10 February 2016
How stable is the West Antarctic Ice Sheet?
Posted by Lauren Lipuma
Exceeding critical temperature limits in the Southern Ocean may cause the collapse of ice sheets and a sharp rise in sea levels, a new study finds
By Folke Mehrtens
A future warming of the Southern Ocean caused by rising greenhouse gas concentrations in the atmosphere may severely disrupt the stability of the West Antarctic Ice Sheet, which would raise sea levels by several meters, according to new research. A temperature increase of 2 degrees Celsius (3.6 degrees Fahrenheit) would be enough to initiate irreversible melting of the ice sheet, the new study found.
“Given a business-as-usual scenario of global warming, the collapse of the West Antarctic [Ice Sheet] could proceed very rapidly and the West Antarctic ice masses could completely disappear within the next 1,000 years,” said Johannes Sutter, a climate scientist at the Alfred Wegener Institute, Helmholtz Centre for Polar and Marine Research (AWI) in Bremerhaven, Germany, the study’s lead author.
Antarctica and Greenland are covered with ice sheets that together store more than two-thirds of the world’s fresh water. If temperatures rise, these ice masses could melt, which would raise sea levels and threaten coastal regions, but how ice responds to warming temperatures in the Antarctic is not yet fully understood.
In the new study, Sutter and colleagues used climate models to analyze changes in the West Antarctic Ice Sheet during the last interglacial period, when sea levels were about seven meters (23 feet) higher and polar surface temperatures were around 2 degrees Celsius (3.6 degrees Fahrenheit) higher than today.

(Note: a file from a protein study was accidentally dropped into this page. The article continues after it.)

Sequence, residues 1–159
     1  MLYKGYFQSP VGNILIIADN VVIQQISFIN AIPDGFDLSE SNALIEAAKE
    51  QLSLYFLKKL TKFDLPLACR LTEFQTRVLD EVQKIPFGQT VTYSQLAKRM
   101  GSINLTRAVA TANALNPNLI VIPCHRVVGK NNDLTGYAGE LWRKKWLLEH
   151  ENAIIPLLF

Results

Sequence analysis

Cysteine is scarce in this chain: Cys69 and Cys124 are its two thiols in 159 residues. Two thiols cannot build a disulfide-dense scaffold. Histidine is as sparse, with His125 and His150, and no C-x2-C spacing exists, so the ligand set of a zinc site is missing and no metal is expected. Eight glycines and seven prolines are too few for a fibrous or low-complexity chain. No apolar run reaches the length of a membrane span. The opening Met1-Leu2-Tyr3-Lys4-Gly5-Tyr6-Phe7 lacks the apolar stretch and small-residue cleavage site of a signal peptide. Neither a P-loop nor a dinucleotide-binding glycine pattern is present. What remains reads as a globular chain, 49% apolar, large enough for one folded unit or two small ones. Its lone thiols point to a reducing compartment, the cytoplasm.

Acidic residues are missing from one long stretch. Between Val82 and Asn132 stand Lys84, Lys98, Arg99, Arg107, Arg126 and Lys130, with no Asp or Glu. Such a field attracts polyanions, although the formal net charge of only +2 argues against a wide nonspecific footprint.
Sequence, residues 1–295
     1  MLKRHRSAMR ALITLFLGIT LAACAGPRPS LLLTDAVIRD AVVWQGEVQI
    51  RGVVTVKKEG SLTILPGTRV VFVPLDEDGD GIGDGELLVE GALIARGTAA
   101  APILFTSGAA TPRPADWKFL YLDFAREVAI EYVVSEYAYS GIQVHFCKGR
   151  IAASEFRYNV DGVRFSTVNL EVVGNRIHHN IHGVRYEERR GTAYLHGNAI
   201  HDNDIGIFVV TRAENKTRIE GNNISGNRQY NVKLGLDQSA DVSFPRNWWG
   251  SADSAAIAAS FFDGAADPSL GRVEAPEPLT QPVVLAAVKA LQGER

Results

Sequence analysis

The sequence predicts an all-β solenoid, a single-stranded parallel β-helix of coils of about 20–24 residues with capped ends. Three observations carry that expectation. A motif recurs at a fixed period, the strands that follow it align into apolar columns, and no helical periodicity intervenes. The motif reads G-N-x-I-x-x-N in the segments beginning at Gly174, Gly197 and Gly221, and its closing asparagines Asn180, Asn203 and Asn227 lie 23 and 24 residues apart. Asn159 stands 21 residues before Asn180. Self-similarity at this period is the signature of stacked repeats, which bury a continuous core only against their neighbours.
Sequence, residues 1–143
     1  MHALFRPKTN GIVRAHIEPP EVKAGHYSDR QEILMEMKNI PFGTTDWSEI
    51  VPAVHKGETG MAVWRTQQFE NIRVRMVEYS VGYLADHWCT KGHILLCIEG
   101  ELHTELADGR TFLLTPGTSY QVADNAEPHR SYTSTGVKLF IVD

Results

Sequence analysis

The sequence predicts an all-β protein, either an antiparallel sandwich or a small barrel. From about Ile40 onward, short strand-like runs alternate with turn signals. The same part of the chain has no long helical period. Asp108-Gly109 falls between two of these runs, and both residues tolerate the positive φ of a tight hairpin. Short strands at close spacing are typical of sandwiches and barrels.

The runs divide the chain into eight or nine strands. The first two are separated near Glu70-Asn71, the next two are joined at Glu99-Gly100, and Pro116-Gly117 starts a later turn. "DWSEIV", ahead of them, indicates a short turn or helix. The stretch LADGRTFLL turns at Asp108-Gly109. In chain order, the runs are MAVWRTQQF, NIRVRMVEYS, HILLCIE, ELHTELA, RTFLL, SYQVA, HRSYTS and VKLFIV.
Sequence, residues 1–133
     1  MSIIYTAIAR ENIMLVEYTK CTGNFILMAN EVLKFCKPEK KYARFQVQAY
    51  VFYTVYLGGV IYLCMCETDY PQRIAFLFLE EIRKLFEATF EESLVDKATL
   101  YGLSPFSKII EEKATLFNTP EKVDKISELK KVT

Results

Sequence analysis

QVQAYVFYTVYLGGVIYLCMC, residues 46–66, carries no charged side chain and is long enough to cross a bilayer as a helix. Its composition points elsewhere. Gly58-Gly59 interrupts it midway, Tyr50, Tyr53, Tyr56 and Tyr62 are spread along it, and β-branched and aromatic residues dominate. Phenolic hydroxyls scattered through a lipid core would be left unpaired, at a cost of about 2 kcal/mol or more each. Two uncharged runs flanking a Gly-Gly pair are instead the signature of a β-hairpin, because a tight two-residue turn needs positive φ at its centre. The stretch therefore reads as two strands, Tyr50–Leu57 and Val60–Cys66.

Previous research has shown that melting of the Greenland ice sheet alone could not have raised sea levels this much, said Gerrit Lohmann, a co-author of the study.
The researchers found that a collapse of the West Antarctic Ice Sheet may have occurred during that interglacial warming period. Their results were recently accepted for publication in Geophysical Research Letters, a journal of the American Geophysical Union.
Based on their model calculations, the ice masses of West Antarctica shrink in two phases. During the first phase, ice shelves – ice masses that float on the ocean in coastal areas – retreat. If the ice shelves are lost, ice and glaciers on the adjoining land also retreat and more ice flows into the ocean. As a result, the sea level rises and the grounding line – the boundary between the floating ice shelf and ice on land – retreats.
A mountain ridge under the grounded ice would temporarily slow down the retreat of the ice. But if ocean temperatures continue to rise or if the grounding line reaches a steeply ascending subsurface, then the glaciers would continue to retreat. Ultimately, this leads to a complete collapse of the West Antarctic Ice Sheet. This collapse could explain the high sea levels seen during the interglacial period, Sutter said.
The new findings on the past dynamics of the ice sheet allow scientists to draw conclusions about how it might behave in the wake of global warming, according to the study’s authors.
“Both for the last interglacial period around 125,000 years ago and for the future, our study identifies critical temperature limits in the Southern Ocean,” Sutter said. “If the ocean temperature rises by more than 2 degrees Celsius (3.6 degrees Fahrenheit) compared with today, the marine-based West Antarctic Ice Sheet will be irreversibly lost.”
If climate change continues as it has up to now, this would lead to a significant Antarctic contribution to sea level rise of three to five meters (10 to 16 feet), Sutter said.
According to the researchers, an improved understanding of the interaction between climate and ice sheets is crucial to answering one of the central questions of current climate research and for future generations: how steeply and, above all, how quickly can the sea level rise in the future?
– Folke Mehrtens is a press officer at AWI. This post originally appeared as a press release on the AWI website.